Esophageal adenocarcinoma is a challenging problem to physicians and more than 95% of them are presented as a symptomatic advanced disease. According to a recent report, Barrett esophagus is a strong risk factor for esophageal adenocarcinoma, but the absolute annual risk, 0.12%, is much lower than the assumed risk of 0.5%, which is the basis for current surveillance guidelines.19 This finding raises the question about the rationale for ongoing surveillance in patients who have Barrett esophagus without dysplasia. Thus, defining at risk population is important and increased risk of Barrett esophagus is noted along with the history of chronic reflux disease, Caucasian males, visceral obesity, the use of tobacco, and family history of Barrett esophagus or adenocarcinoma. The use of standard endoscopy screening does not appear to be cost effective; office based transnasal endoscopy may be cost effective but requires a skillful endoscopist. A novel cytosponge was suggested to be cost effective in a Markov model in screening 50-year-old men with gastroesophageal reflux disease.20 More technically advanced method of volume laser endomicroscopy has been introduced but is still in the early stage of clinical translation.

Epithelial tumors expected to endoscopic resection

Endoscopic forceps biopsy is essential before planning an endoscopic resection of upper GI epithelial tumors. Because forceps biopsy is limited by its superficiality, discrepancy between the initial endoscopic biopsy and resected specimens are not rare. Suggested factors associated with such discrepancies are large tumor size, depressed morphology, and surface erythema.21 Multiple biopsies increase the diagnostic yield but can induce mucosal ulceration, which may cause the difficulty of procedure and subsequent complications. Exact targeting is more complicated than the collection of multiple biopsy specimens. Rebiopsy at the referral hospital may have several disadvantages such as patient discomfort, biopsy-induced ulcer, and fibrosis. However, repeated biopsy might be recommended if the result of previous one is confusing. The recommended interval between biopsy and ESD is less than 3 weeks because of the fibrosis and nonlifting sign in CRC, but it is uncertain whether this can be also applied to ESD for gastric lesions.22

Tissue diagnosis of subepithelial tumors: FNA or core biopsy?

Evaluation of subepithelial lesions with EUS allows further characterization of the mass, but imaging alone is not sufficient in establishing diagnosis. EUS-FNA has been suggested to be a reliable method for obtaining tissue, and FNA needles ranging 19 to 25 gauges yield cellular material that can be evaluated by cytologist. For definite diagnosis, sufficient cellular material is needed to obtain a cell block and to perform immunohistochemistry with cKIT, DOG-1, SMA, and S100. A recent report says EUS-FNA sampling of subepithelial lesions was diagnostic in 61.6% and showed a spindle cell neoplasm (suspicious) in another 22.3% (diagnostic yield 83.9%).23 To augment diagnostic yield, core biopsy was suggest for sufficient tissue acquisition. The first widely used core biopsy needle was the Trucut needle (Quickcore; Cook Medical, Winston-Salem, NC, USA). This method increases diagnostic yield in cases with failed EUS-FNA, but not higher than FNA if used alone.24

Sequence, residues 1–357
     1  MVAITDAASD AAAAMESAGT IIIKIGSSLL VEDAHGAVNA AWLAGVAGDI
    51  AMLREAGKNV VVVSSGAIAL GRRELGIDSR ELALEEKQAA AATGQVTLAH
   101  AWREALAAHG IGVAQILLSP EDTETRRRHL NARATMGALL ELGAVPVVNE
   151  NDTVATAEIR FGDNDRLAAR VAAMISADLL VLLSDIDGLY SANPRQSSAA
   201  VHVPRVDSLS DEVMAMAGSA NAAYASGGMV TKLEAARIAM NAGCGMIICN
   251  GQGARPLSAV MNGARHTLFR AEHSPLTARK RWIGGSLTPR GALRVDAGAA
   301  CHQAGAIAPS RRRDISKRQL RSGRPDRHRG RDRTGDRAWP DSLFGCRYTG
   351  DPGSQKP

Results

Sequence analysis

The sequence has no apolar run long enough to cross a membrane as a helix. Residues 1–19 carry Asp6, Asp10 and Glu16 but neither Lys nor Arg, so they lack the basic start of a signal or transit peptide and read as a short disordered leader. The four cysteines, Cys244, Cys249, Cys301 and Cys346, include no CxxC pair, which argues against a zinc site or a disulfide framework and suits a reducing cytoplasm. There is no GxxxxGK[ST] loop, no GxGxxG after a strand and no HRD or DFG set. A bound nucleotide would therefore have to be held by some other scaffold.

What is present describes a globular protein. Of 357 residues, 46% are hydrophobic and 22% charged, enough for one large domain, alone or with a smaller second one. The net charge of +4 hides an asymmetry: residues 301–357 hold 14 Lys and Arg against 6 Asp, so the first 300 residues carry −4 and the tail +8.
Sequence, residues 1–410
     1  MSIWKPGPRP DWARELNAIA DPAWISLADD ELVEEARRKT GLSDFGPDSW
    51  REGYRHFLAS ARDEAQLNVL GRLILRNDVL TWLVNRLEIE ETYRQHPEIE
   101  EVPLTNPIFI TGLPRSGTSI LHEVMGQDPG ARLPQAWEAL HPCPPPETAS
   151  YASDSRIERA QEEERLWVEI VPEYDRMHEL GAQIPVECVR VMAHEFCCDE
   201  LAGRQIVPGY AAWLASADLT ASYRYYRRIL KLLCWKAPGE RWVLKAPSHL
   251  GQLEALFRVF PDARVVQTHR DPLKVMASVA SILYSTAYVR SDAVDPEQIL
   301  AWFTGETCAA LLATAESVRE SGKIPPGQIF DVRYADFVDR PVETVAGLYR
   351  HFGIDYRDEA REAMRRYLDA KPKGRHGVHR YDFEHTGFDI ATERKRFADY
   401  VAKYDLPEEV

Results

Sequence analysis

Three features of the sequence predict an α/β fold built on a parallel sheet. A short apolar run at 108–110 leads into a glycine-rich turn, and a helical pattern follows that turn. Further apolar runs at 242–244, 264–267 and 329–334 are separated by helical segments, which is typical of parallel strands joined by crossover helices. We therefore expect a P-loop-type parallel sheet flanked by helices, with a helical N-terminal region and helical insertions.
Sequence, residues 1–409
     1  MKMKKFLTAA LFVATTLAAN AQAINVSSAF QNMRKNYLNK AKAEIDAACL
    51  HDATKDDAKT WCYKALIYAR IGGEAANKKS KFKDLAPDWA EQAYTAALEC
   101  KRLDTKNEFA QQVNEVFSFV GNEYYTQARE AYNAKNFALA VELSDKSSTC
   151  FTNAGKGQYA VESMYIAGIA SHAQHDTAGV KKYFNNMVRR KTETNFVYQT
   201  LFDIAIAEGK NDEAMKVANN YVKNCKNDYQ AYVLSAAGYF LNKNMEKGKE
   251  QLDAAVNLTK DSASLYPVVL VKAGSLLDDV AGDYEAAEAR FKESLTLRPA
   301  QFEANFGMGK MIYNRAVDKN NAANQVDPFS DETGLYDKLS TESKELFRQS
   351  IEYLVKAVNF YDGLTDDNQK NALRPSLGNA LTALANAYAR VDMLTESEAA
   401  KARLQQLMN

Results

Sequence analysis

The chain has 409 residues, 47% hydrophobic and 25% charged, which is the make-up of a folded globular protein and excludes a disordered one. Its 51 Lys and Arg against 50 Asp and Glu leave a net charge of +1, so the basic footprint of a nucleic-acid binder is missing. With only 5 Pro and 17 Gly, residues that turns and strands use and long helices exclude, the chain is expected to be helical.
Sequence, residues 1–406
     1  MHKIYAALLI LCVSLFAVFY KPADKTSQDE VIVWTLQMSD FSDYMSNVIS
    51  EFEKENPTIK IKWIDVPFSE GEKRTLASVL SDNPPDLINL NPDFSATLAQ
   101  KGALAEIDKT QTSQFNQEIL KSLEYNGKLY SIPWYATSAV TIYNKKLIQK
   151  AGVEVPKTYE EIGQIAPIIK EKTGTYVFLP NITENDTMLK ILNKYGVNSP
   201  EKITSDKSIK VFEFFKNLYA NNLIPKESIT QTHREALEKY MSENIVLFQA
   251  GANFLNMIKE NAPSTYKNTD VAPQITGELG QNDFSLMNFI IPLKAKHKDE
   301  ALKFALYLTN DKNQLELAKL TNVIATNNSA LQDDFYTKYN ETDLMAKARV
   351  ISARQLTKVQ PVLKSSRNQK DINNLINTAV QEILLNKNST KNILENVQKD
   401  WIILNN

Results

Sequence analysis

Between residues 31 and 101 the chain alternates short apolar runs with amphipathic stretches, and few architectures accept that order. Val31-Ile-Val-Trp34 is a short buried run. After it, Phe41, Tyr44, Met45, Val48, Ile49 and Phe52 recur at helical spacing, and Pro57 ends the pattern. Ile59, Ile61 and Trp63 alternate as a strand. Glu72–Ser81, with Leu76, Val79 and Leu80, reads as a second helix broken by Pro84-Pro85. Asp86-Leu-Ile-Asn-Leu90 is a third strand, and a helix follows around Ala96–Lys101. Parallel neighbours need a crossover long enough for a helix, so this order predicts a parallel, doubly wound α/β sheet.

Stenting in difficult situations, experiences, and techniques

Malignant obstruction including malignant extraluminal compression

Upper GI obstruction due to esophageal, gastric, and duodenal malignancies, including periampullary cancer, is not an uncommon situation in far advanced cancer patients. The success rates of stents are around 95% for technical success and more than 80% to 90% for clinical success. Technical success rate depends on the site and characteristics of the lesion, including anatomic location, severity of stenosis, and acute angulation. Upper GI stents can be placed under fluoroscopic guidance, endoscopic guidance or both. Fluoroscopy helps identification of stricture morphology and length and deformed anatomy. Thus, fluoroscopy guides the stent selection and reduces the risk of severe complication including perforation. Endoscopic guidance can reduce the procedure duration by making the guide wire passage through stenotic portion somewhat easier.

Benign disease including fistula/leakage

Esophageal stents are commonly used for the palliation of malignant dysphagia obstruction. The indications for stent placement gradually expanded to encompass benign esophageal diseases, fistulae, and complex strictures. Because stents for benign diseases are usually temporary, safety in stent removal is an important feature. Uncovered or partially covered stents are difficult to remove because of tissue reaction (granulation tissue) and embedding of the stent after a prolonged placement. Covered stent in benign condition frequently migrates than in malignant obstruction, which also makes the removal difficult. Stent removal is recommended usually within 6 weeks. A recent large retrospective study showed that esophageal stent removal in the benign disease was a safe and feasible procedure having 2.1% of major adverse event rate, and fully covered self-expandable metal stents (SEMSs) were more successfully removed than other types of stents.25 Biodegradable stents can overcome some problems of SEMSs and the main advantage seems to be the fact that endoscopic removal is not needed. Covered biodegradable stents will be available in the future to treat benign esophageal perforations/leaks as well as for treating same malignant indications.26